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Trade Groups Pressure Congress to Allow Deductibility of Business Expenses Paid Under PPP

  • Trade groups protest Treasury and IRS guidance saying business expenses covered by a forgiven PPP loan cannot be deducted from a business owner’s 2020 taxes
  • Decision could result in significant tax hikes as fewer deductions would increase a business owner’s income on paper
  • Proposed economic stimulus bill would counter the decision by allowing the deductions

More than 560 business groups have urged Congress to allow business expenses paid under the Paycheck Protection Program to be deducted from business owners’ taxes. The push comes as a response to guidance from the Treasury Department and Internal Revenue Service saying these expenses cannot be deducted from 2020 taxes if the business received a PPP loan that was forgiven or is expected to be forgiven.

More than 5 million businesses received PPP funding to help address revenue shortfalls brought on by the COVID-19 pandemic. The purpose of the program was to help companies maintain staffing and payrolls, as well as expenses such as rent and utilities. In general, the loans do not need to be repaid if the company dedicated at least 60 percent of the funding to payroll, although partial forgiveness is also available.

Forgiven loans are usually treated as taxable income, although the CARES Act that established PPP specified that this would not occur with the program’s loans. However, a May update declared that if a forgiven PPP loan is not taxable, then any of the expenses the business paid in order to qualify for loan forgiveness cannot be deducted from the company’s 2020 taxes – even though these expenses are deductible in a typical year.

The shift has been widely criticized by business owners, who say the potential tax impact was not apparent when they first took the loan. Since the inability to deduct expenses would result in a higher income on paper when the the business owner files their returns, they would also be subject to higher taxes – an increase of up to 37 percent in some cases, according to the business groups.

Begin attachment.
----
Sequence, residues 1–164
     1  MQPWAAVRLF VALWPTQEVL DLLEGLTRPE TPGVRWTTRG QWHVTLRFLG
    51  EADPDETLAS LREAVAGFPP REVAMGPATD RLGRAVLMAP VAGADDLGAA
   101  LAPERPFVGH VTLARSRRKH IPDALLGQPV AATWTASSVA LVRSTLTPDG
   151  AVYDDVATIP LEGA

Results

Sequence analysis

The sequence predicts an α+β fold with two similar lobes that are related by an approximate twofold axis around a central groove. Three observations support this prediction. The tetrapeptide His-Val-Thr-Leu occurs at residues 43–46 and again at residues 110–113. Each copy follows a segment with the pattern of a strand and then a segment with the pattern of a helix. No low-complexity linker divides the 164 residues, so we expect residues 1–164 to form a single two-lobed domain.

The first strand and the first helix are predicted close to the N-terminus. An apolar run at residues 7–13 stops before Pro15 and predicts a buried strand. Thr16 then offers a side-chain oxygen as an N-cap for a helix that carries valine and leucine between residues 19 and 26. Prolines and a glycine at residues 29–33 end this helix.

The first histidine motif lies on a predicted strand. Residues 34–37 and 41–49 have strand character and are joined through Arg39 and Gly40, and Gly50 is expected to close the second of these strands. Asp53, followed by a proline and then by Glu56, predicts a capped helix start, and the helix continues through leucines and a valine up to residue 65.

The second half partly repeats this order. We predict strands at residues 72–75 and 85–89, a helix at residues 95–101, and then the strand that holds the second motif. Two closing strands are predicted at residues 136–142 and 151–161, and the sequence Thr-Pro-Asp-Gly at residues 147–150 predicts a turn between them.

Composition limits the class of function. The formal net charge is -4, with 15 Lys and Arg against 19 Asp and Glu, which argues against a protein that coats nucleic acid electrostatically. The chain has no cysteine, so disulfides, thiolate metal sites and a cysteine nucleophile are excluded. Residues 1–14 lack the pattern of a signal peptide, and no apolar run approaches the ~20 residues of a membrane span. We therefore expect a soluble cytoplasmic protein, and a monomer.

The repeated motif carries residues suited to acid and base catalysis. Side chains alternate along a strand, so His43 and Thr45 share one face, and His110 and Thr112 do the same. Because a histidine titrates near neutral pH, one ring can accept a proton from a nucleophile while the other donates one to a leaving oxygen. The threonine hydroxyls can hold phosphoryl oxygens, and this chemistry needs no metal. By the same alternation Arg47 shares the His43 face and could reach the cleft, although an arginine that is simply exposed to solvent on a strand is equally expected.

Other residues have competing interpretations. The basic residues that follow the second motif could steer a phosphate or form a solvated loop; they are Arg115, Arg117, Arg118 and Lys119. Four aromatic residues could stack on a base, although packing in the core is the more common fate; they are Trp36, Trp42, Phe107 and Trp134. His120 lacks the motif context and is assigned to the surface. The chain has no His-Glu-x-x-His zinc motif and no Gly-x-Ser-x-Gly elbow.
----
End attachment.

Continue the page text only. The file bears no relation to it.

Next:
The Treasury and IRS have not wavered from the amended position, issuing an update in November declaring, “Since businesses are not taxed on the proceeds of a forgiven PPP loan, the expenses are not deductible. This results in neither a tax benefit nor tax harm since the taxpayer has not paid anything out of pocket.”

The guidance says that if a borrower “reasonably expects” that their PPP loan will be forgiven, then the expenses the loan covered are not deductible. It holds that this is the case whether the borrower has applied for forgiveness or not, so business owners are encouraged to apply for forgiveness as soon as possible.

Some exceptions are available to business owners. A safe haven allows those who don’t deduct the expenses but ultimately do not receive forgiveness for their loan, or decide against applying for forgiveness, to deduct the expenses on their original or amended 2020 returns, or in a future year. Self-employed individuals with no employees can also deduct expenses as usual.

While PPP has been widely hailed as playing an essential role in keeping businesses open during the pandemic, it has also come under increasing criticism for issues that have arisen since its inception. These include complex and often changing guidance on loan forgiveness, several instances of fraud, and the revelation that larger companies were more likely to benefit from the program than smaller ones.

A $908 billion economic stimulus bill proposed in Congress not only revives the PPP with $288 billion set aside to support small businesses, but also seeks to resolve problems that cropped up with the first round of funding. The measure seeks to make business expenses covered by PPP loans deductible while also simplifying the forgiveness process for loans under $150,000.

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